Something is wrong at the Fayette County jail.
There's ample evidence of this in the public record, replete with lawsuits alleging sexual harassment of employees, retribution against whistle-blowers and mistreatment of inmates.
Now we can add to that picture two reports, one by Sheriff Kathy Witt and one by Deputy Police Chief David Boggs that were commissioned earlier this year by Mayor Jim Gray.
Nothing spoke so loudly in reporter Beverly Fortune's news story Wednesday about their findings as a fact near the end: Despite repeated requests, Community Corrections Director Ron Bishop, who oversees the jail, never found time to meet with the team from the sheriff's office that spent five months inspecting the jail's operations.
So, what was he doing? Both reports suggest he wasn't engaged with staff. Both studies discovered serious, related problems with staff morale and communication at the jail.
Boggs, who reviewed jail leadership and management, told the Urban County Council that communication with employees was a major issue. "Repeatedly, the answer boiled down to improving communications to make the employees feel more valued."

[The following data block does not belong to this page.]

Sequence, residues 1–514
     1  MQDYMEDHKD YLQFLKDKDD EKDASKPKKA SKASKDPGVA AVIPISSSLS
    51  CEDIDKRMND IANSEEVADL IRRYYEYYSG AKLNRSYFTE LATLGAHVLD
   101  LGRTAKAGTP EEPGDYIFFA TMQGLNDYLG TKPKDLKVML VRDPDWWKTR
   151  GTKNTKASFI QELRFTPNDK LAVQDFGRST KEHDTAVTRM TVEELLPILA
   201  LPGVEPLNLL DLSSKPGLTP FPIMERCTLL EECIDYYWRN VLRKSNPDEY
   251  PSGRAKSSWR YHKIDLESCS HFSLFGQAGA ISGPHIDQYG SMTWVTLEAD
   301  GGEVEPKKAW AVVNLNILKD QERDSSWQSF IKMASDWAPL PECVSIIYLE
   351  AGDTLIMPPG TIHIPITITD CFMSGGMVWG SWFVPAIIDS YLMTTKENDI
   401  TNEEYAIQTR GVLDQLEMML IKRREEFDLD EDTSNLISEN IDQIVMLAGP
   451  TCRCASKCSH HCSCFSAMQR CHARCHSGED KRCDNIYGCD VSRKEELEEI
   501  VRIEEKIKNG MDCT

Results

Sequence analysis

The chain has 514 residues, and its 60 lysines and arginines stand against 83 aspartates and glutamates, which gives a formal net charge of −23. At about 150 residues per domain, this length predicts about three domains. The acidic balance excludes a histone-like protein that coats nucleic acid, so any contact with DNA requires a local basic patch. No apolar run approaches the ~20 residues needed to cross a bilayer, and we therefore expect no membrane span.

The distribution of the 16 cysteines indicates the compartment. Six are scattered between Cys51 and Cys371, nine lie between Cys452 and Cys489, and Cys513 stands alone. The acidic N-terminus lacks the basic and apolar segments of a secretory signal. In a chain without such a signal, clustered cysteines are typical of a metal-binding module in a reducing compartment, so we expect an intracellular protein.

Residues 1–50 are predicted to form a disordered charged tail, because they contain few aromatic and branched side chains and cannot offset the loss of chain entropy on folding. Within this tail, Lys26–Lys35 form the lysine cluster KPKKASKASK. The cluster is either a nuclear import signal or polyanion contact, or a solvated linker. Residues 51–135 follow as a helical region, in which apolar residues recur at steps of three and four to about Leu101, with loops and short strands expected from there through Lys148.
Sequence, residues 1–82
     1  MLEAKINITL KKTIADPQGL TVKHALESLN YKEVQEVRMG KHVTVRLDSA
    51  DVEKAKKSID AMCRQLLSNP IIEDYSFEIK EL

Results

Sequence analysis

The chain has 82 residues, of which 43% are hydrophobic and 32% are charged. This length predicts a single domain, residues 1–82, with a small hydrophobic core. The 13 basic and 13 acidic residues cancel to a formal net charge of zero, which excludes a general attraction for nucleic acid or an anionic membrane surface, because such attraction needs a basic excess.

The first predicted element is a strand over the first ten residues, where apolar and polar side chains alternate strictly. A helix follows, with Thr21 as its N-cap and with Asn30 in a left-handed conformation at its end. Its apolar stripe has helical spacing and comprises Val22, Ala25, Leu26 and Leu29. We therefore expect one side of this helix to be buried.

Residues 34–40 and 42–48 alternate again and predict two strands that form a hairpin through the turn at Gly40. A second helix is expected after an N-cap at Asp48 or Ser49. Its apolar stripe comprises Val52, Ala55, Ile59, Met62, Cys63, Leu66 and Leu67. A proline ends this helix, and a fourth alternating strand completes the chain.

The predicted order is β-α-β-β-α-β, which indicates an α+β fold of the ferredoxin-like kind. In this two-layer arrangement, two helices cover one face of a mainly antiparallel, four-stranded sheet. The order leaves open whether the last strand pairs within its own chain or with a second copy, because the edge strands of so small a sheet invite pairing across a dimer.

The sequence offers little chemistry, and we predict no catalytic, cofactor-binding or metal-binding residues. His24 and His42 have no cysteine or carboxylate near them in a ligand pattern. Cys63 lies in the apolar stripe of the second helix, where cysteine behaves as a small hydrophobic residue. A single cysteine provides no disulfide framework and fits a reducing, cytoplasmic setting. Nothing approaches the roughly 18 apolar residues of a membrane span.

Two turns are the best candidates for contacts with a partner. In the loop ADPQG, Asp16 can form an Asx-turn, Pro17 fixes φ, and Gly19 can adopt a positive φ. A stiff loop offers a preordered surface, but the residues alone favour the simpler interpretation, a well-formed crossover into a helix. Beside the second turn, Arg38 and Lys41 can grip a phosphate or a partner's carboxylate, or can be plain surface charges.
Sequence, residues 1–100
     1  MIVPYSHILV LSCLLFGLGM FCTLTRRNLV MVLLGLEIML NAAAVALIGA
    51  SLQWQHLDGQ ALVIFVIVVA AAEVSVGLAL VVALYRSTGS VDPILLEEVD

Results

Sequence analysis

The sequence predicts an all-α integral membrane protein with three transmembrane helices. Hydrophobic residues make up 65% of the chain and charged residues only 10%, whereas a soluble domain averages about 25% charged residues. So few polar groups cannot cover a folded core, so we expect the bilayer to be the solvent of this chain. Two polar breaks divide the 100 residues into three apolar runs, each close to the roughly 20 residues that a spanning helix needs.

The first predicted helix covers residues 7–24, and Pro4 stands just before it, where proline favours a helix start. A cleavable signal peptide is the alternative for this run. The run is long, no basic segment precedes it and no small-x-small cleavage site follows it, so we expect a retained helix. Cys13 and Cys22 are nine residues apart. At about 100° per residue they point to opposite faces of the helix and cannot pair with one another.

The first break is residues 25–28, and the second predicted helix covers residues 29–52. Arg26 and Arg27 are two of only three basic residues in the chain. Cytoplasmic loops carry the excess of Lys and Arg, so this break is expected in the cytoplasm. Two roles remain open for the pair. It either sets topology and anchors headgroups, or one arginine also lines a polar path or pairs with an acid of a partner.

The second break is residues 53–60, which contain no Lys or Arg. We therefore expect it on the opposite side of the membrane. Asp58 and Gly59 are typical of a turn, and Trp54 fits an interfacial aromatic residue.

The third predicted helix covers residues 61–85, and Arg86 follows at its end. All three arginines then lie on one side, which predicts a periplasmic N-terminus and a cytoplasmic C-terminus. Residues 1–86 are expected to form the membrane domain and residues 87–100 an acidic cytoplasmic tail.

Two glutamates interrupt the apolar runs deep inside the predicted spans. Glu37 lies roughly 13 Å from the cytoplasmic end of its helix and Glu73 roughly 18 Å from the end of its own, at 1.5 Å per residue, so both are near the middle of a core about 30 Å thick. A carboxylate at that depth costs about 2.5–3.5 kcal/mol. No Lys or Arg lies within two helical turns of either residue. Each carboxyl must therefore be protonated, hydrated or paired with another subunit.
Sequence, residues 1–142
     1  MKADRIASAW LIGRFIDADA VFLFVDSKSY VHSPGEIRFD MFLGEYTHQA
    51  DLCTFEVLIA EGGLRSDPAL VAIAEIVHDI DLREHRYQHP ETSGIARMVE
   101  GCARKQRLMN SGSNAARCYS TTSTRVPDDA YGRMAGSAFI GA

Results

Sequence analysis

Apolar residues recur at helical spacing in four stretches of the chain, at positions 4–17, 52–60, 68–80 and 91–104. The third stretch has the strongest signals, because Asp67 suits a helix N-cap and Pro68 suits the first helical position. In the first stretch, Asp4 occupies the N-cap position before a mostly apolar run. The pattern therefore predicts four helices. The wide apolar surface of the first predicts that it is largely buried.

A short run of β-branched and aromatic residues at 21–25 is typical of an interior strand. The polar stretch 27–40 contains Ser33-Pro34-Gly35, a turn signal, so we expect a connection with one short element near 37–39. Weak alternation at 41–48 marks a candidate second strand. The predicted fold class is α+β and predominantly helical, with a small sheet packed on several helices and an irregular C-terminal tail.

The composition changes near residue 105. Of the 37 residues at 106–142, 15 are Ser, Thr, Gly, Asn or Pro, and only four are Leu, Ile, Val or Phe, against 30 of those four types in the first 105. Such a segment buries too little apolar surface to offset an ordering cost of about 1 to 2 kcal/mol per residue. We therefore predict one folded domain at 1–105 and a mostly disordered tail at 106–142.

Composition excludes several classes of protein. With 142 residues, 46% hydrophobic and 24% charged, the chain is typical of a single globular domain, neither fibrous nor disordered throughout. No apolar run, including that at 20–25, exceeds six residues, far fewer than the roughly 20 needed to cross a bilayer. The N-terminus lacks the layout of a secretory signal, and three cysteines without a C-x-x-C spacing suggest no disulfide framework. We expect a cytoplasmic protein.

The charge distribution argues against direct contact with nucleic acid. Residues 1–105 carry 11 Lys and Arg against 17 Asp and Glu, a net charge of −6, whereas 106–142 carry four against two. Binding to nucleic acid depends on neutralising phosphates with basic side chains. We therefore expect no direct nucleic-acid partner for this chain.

The sheriff's report said employees repeatedly expressed "a perceived lack of leadership."
Likewise, it doesn't seem like too much time was devoted to overseeing inmates. The sheriff's report pointed to extensive graffiti, including a detailed etching of marijuana on glass, as indications that the inmates have plenty of time without close supervision.
The council, after hearing the reports, directed its public safety committee to study the question of who should run the jail and, specifically, whether it should be placed under Witt's office.
Speaking to the council, Bishop, who has been in his job seven years this month, said he'd begun working on some of the issues that have been identified.
Bishop said he was holding more staff meetings to improve communications. Staff meetings have their place in the world of management but, as any fan of the Dilbert comic strip about the nightmares of bureaucracy knows, meetings are rarely the answer to morale problems.
It's far from clear where, administratively, the jail should land. On the face of it, it's problematic that Witt's office investigated an agency that it might be in line to take over.
But, after seven years, a raft of lawsuits, at least one significant settlement, the two critical reports, his limpid response to the issues raised and inability to find time to meet with an inspection team requested by the mayor, Bishop's very, very close to running out of opportunities to prove he can do the job.
In corrections it may be essential to believe that inmates deserve another chance, that they can right things that have been wrong for a long time. However, it's not a smart approach to management.